The recent shuffling around of the Gaeltacht sub-ministry is emblematic of the State’s political relationship with Irish – an inconsequential afterthought. We are now seeing more clearly how language politics in Ireland is evading the social reality of Irish.
Current policy may superficially boast a sense of cultural renewal, but the language’s native-speaking community is in crisis. The decrease in the density of active Irish speakers in the Gaeltacht has undermined the ability of the community to regenerate itself.
Irish can be generally characterised by three features: a dwindling and alienated native-speaking group; an official pretence of notionally supporting Irish while ignoring the decline of its community of speakers, as highlighted in the recently published annual report of the language commissioner; and a level of public indifference to the vague approach to language promotion which is dissociated from the social continuity of Irish.
Arriving at this sorry state 10 years on from the adoption of the 20-year strategy for the Irish language can be partly explained by the preference in current approaches for the symbolic and institutional use of Irish. There is no expectation that policies would have any application in actual communities. The State may still encourage rhetorical flourishes about the cultural importance of Irish, but it has grown weary about its social dimension. The primary purpose of current policies is the containment of language promotion as an official concern.
The State has accepted the findings of a series of research reports since 2007, but has largely rejected those recommendations aimed at protecting Irish-speaking communities. This inconsistency has effectively barred any possibility of a comprehensive approach to challenging sociolinguistic issues.
For example, the language planning committees and their operations in the Gaeltacht, being largely based on laudable voluntary efforts, are neither equipped nor empowered to engage with the social processes causing the crisis. Their concentration on the organisation of standalone local events is inevitably detached from social reality.
This raises the question: why did the State decide to introduce this policy framework when there was no public demand for it, and no published research recommending its overall approach? Who advised the State to take this course of action?
The Gaels are being disembedded from their social context via the individualisation of Gaelic identity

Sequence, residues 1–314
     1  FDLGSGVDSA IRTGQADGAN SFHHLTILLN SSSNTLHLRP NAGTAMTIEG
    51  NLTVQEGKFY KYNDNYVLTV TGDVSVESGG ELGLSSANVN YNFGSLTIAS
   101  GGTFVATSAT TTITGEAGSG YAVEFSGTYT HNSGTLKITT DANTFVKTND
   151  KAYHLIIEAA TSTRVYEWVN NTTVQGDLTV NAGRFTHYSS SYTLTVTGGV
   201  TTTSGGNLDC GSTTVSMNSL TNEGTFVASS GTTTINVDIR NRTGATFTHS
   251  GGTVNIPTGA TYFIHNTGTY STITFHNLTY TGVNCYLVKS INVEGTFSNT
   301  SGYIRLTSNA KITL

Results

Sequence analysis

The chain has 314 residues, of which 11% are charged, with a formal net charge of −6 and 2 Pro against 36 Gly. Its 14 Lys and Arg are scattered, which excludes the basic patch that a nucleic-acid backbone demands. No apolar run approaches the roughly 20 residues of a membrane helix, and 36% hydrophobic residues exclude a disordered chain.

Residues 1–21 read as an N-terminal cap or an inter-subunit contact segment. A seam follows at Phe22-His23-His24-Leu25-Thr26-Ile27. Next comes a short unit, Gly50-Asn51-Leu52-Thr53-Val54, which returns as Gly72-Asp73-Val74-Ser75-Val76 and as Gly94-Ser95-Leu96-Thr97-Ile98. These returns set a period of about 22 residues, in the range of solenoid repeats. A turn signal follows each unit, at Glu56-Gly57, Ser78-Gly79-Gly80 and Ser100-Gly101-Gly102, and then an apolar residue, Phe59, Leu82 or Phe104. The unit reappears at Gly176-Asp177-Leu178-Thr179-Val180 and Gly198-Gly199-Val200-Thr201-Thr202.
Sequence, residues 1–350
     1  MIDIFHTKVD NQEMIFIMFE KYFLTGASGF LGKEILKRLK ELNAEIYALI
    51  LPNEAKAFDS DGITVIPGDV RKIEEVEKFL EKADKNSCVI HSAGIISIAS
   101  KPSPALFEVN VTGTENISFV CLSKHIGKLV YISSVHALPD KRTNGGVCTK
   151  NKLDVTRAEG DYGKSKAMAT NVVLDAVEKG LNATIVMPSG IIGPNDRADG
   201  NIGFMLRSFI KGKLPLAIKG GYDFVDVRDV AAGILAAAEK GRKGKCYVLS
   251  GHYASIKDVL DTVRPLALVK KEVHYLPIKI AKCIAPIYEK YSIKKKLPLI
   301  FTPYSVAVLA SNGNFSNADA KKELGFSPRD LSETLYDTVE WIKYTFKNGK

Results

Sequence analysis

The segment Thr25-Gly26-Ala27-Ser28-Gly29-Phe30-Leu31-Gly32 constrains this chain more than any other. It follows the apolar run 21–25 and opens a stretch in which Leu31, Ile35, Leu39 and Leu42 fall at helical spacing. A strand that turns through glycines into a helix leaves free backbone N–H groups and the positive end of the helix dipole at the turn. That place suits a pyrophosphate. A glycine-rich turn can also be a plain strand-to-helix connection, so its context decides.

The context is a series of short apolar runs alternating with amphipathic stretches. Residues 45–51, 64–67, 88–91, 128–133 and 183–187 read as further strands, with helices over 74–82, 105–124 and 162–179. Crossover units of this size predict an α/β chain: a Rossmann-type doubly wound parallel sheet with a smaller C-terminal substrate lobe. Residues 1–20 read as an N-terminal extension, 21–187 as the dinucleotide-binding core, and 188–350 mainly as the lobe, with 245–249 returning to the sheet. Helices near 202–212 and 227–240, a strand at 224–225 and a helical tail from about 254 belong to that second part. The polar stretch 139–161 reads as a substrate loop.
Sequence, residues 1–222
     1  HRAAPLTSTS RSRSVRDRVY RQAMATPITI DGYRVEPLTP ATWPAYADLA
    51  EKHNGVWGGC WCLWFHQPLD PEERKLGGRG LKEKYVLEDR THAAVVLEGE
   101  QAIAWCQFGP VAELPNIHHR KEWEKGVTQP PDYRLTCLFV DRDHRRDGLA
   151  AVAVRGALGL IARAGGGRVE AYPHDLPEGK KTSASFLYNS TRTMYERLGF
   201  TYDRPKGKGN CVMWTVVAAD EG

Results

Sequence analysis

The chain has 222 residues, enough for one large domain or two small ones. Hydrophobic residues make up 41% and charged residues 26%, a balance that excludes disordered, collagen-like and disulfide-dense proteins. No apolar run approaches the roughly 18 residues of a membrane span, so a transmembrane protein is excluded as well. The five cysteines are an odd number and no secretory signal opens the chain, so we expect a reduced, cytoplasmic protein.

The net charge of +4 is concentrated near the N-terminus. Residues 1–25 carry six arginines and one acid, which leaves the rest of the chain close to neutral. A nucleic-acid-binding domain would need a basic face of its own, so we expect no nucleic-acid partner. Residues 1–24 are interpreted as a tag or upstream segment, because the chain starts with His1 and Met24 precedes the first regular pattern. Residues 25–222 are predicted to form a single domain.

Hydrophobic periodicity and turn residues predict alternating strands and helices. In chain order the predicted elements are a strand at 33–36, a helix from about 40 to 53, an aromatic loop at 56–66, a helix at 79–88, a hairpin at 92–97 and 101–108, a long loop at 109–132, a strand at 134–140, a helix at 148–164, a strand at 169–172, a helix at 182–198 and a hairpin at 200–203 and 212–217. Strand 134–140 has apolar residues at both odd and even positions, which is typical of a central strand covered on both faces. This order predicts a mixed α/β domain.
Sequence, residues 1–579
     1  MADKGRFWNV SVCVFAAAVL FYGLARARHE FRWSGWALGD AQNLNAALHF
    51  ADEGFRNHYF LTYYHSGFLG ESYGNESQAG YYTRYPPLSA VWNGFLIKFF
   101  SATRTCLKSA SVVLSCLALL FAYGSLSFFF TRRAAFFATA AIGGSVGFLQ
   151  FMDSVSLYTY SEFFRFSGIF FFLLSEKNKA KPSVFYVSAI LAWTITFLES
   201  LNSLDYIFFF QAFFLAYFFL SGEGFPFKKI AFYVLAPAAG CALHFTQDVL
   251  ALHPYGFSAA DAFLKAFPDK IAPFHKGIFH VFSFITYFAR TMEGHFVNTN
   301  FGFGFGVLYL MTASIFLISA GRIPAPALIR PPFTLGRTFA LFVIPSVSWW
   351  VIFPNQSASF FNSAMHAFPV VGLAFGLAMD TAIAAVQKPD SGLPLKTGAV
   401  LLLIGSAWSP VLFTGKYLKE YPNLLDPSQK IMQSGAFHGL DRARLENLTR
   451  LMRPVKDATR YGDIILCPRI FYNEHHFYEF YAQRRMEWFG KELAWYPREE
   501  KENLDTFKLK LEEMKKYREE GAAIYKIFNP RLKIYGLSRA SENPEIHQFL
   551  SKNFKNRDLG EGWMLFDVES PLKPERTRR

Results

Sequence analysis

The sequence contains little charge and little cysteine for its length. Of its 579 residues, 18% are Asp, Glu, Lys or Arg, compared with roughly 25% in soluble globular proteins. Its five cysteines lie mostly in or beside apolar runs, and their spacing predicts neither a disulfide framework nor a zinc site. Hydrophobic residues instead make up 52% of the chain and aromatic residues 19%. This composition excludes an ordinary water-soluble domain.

Irish is now governed by an ideology we could refer to as “staged Irish”. This ideology is a rootless variant of a cultural identity suited to those of us who are unperturbed about the loss of vibrant Gaelic communities. The approach stemming from this perspective has three ongoing consequences: the Gaels are being disembedded from their social context via the individualisation of Gaelic identity; the destruction of the remaining Irish-speaking Gaeltacht is disregarded; and Irish is being decoupled from the cultural roots of the Gaelic group and from communal and cultural agency among the Gaels.
Staged Irish prospers by only requiring an individual cultural affiliation with Irish. In this emerging context, Irish obviously no longer requires a homeland, cultural reinforcement in a community or collective agency for the Gaels.
Irish is now expected to prosper via a diffuse fusion of enthused individuals receiving rewards and encouragement by performing Irish in supportive institutional settings, such as schools, academia, the arts, the media and limited symbolic civic practice – Irish for the State’s sympathetic middle class.
The individualist logic underpinning Staged Irish, now decoupled from the Gaeltacht collective, is unashamedly neo-liberal. To this extent, the current approach represents a takeover by non-native Irish speakers in a post-communal and post-Gaelic context. Gaeltacht identity is now to be culturally repopulated by individuals who have acquired Irish as a secondary language.
The process of language loss is being rebranded as a posthumous triumph
This wizardry in policy realignment transforms the impending societal collapse of the Gaelic collective into a victory for Staged Irish individualism. It creates an administrative mechanism by which the official policy can outlive the actual speaker group. The process of language loss is being rebranded as a posthumous triumph.
Retreating from this neo-liberal folly is not going to be easy. The 20-year strategy is now both irrelevant and inapplicable half-way through its term – resulting from its inbuilt obsolescence. This deliberate State ineptitude regarding the Gaeltacht crisis allows further decline in the Irish-speaking group. In this vacuum, the use of English continues to increase, denying future generations the opportunity to speak Irish. A first step out of this untenable situation would be to put the evidence-based recommendations back on the policy agenda. This would be more beneficial to the Gaels and the Irish language than expecting people to engage with the illusion of renewal typified by the current approach.